Opinion

The Problem Isn’t Just Bibi: It’s the Bibism With Which He Has Infected Israeli Politics

Benny Gantz cannot join a government headed by a leader who sought to undermine democracy and corrupt the rule of law

Benjamin Netanyahu delivers a speech at an official ceremony on Mt. Herzl in Jerusalem, October 10, 2019.
Gali Tibbon/AFP

Throughout most of the past year, Israel has been consumed by a legalistic-formalistic debate on whether a prime minister can stay at his post while facing criminal indictments. The dispute pits the strict letter of the law, which does not mandate the prime minister’s resignation, against its spirit, which would seem to indicate the contrary. The object of the argument is, of course, Benjamin Netanyahu, but he is also its main beneficiary.

The constitutional controversy not only obscures the actual severity of Netanyahu’s nefarious conduct, as outlined in the damning pre-indictment document published by the attorney general in late February; it sidelines the far graver crimes committed by Netanyahu against democracy and the rule of law in an effort to escape the long arm of the law.

That is why the refusal of Netanyahu’s rivals on the center-left to join a new government with him at the helm should be based not only on the probability that he will be charged with crimes of corruption. A prime minister who savaged police investigators, undermined state prosecutors, tainted the legal system as biased and beholden to external pressures and incited against the free press that covers his misdeeds is unworthy of continuing at his job.

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A prime minister who is a demagogue who “demonizes minorities and his political enemies to hide his devotion to the art of the shady deal,” as E. J. Dionne wrote on Friday of U.S. President Donald Trump in the Washington Post, is not an appropriate partner for political alliances.

A prime minister who cultivates a cult of personality that corrodes the loyalty of Israel’s entire right wing to the state and its laws should be ejected from the political arena. A prime minister who guts his own party, wrenches out its heart and turns its leaders into pathetic automatons is a carrier of a dangerous virus that needs to be eradicated. A prime minister whose weapons of choice are incitement and division should simply stop being prime minister. Period.

Contrary to the right wing’s cynical cry of a “personal boycott” against Netanyahu – which is ironic, given his mastery of the ad hominem attack – resistance to his continued leadership isn’t personal at all. The problem isn’t Bibi, per se, but the Bibism with which he has infected Israel’s body politic. As long as Netanyahu is around, the chances for complete recuperation are slim.

Barely a month has gone by since the recent election, but its main import has already been sidelined. On September 17, Israeli democracy stood at the eve of its own destruction. A slight movement of a handful of Knesset seats to the right and Netanyahu would have won his coveted majority of 61, which would have given him a carte blanche to undermine the rule of law as he sees fit.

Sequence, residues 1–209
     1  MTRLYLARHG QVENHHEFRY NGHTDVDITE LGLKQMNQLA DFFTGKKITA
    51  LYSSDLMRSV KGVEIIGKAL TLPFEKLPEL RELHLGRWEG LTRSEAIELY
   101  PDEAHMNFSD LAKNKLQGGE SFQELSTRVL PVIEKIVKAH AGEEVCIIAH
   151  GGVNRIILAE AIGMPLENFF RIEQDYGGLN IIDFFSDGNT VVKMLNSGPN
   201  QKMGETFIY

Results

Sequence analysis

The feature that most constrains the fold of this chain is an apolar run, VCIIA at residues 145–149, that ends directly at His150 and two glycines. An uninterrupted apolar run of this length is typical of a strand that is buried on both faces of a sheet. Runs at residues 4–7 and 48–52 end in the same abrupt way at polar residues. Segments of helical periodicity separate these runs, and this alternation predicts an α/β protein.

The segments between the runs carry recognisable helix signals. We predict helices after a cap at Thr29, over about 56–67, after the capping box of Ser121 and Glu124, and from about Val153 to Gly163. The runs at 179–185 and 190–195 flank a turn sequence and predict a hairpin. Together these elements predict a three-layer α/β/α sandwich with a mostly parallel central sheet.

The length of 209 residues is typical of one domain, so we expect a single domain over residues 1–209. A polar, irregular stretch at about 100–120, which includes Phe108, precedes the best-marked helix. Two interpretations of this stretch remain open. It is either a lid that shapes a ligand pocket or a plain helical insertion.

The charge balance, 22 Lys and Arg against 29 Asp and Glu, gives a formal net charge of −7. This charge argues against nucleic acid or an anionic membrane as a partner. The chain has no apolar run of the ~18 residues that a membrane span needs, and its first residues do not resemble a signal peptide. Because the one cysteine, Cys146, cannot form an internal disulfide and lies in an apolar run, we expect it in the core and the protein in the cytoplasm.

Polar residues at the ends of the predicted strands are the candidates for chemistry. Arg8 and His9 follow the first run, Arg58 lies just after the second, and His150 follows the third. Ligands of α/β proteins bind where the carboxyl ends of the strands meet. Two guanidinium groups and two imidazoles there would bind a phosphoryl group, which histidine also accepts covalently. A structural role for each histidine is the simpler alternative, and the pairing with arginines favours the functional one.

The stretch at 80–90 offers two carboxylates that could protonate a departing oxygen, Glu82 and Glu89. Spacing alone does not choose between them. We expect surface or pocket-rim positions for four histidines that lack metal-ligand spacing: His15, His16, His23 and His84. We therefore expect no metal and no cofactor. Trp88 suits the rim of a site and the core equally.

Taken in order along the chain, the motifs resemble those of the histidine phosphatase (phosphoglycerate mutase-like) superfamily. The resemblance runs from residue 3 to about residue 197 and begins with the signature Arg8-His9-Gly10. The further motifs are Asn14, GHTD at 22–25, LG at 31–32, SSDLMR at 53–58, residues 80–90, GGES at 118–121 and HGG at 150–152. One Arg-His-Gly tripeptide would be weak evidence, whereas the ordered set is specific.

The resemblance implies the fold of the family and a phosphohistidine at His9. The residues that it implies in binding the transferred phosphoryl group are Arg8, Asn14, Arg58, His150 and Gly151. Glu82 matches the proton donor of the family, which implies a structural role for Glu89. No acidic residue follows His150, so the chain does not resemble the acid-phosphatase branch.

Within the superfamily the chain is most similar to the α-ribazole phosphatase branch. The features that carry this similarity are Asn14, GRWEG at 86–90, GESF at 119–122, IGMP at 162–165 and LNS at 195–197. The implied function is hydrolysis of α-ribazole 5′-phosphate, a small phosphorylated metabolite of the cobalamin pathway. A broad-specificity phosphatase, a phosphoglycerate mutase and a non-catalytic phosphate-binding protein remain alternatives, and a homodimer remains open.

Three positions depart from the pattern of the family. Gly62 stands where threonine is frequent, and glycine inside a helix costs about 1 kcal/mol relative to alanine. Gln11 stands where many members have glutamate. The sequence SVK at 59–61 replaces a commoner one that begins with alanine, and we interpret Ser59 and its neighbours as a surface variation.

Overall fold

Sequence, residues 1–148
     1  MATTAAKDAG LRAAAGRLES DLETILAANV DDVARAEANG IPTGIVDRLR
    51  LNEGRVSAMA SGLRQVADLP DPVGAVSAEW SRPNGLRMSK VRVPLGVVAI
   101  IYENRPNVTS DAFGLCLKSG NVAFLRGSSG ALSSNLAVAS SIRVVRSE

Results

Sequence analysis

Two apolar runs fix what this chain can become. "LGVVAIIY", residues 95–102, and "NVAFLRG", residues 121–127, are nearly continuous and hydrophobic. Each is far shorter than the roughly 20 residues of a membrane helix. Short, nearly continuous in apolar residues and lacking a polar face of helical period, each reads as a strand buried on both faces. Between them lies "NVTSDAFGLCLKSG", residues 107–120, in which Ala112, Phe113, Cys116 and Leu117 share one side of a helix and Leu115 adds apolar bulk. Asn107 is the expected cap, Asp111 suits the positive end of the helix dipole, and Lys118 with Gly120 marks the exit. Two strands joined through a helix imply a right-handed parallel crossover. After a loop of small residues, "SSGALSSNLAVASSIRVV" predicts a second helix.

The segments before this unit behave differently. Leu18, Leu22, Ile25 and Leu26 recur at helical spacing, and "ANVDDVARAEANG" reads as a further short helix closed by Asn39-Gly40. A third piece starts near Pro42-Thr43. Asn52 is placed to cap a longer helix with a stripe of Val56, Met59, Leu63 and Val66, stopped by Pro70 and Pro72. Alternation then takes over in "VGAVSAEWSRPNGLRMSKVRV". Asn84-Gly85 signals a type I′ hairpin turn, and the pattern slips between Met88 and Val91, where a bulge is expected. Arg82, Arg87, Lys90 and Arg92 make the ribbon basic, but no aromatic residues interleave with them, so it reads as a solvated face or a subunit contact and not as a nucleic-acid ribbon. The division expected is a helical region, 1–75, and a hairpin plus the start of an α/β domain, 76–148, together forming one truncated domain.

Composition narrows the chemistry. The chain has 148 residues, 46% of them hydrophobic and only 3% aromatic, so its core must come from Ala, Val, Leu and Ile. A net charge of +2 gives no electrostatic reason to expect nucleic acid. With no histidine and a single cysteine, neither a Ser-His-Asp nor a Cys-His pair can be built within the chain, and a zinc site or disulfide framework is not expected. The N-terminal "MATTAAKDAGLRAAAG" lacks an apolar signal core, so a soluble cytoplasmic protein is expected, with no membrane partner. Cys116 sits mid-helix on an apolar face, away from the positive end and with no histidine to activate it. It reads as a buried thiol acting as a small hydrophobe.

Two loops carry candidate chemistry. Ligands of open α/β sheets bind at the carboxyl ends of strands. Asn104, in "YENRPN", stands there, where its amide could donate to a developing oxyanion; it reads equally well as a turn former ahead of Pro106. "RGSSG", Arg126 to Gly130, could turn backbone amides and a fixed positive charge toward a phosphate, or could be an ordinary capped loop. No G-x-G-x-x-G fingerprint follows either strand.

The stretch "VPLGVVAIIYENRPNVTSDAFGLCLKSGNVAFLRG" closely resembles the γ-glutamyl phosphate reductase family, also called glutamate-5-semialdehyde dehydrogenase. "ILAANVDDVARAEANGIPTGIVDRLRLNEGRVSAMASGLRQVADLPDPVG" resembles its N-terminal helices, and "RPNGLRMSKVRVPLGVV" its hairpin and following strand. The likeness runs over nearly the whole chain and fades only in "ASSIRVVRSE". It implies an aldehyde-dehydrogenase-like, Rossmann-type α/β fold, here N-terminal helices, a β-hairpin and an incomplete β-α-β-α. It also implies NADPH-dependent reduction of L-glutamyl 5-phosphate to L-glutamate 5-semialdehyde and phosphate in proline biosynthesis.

The elections may not have decided the identity of the next coalition but they threw democracy a lifeline. Handing the reins back to Netanyahu is tantamount to re-wrapping the rope around its neck.

Benny Gantz and Kahol Lavan are thus not only obligated to resist calls to join a Netanyahu-led government and to try and form an alternative coalition at almost any price. Their first and most urgent mission is to fortify democracy and the rule of law so that Israel will never stand again at the edge of the abyss into which Netanyahu sought to push it.

A new government should thus limit the tenure of prime ministers, as Gantz has already proposed. It should build a defensive shield around gatekeepers and guardians of the law and immunize them against outside intervention. It should separate the role of attorney general from that of director of public prosecutions, whose problematic fusion is now evident for all to see. And, if possible, it should reform the electoral system that, under Netanyahu, almost brought Israel to ruin.

The task is so imperative that it negates any other consideration, including the risk of a new election, the third this year. If anyone should be afraid of a new election, it is Netanyahu himself: His magic is wearing thin and fatigue is spreading amongst his most loyal ranks. As an avid student of electoral trends, Netanyahu has only to look at the descending graph of the Likud vote in the two ballots held this year in order to fear yet another vote.

If the Likud in particular and the right in general refuse to discard the albatross hanging on their necks and prefer to go off the deep end and sink with it in the process, this is their prerogative. Israel, for its part, will breathe much easier.